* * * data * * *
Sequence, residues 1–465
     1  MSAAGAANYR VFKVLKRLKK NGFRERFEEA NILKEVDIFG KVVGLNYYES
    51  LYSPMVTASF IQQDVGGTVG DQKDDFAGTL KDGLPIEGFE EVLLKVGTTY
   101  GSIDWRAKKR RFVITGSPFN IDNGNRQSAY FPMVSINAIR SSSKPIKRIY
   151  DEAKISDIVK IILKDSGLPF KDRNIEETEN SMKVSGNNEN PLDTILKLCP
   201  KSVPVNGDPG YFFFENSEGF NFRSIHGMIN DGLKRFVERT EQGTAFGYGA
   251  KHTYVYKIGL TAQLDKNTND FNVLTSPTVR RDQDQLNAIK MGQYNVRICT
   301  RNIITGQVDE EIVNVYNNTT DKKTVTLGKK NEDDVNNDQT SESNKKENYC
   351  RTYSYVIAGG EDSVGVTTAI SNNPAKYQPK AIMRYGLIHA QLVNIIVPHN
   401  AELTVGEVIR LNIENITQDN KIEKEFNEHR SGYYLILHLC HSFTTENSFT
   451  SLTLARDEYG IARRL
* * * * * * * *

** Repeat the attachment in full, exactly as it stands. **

Sequence, residues 1–465
     1  MSAAGAANYR VFKVLKRLKK NGFRERFEEA NILKEVDIFG KVVGLNYYES
    51  LYSPMVTASF IQQDVGGTVG DQKDDFAGTL KDGLPIEGFE EVLLKVGTTY
   101  GSIDWRAKKR RFVITGSPFN IDNGNRQSAY FPMVSINAIR SSSKPIKRIY
   151  DEAKISDIVK IILKDSGLPF KDRNIEETEN SMKVSGNNEN PLDTILKLCP
   201  KSVPVNGDPG YFFFENSEGF NFRSIHGMIN DGLKRFVERT EQGTAFGYGA
   251  KHTYVYKIGL TAQLDKNTND FNVLTSPTVR RDQDQLNAIK MGQYNVRICT
   301  RNIITGQVDE EIVNVYNNTT DKKTVTLGKK NEDDVNNDQT SESNKKENYC
   351  RTYSYVIAGG EDSVGVTTAI SNNPAKYQPK AIMRYGLIHA QLVNIIVPHN
   401  AELTVGEVIR LNIENITQDN KIEKEFNEHR SGYYLILHLC HSFTTENSFT
   451  SLTLARDEYG IARRL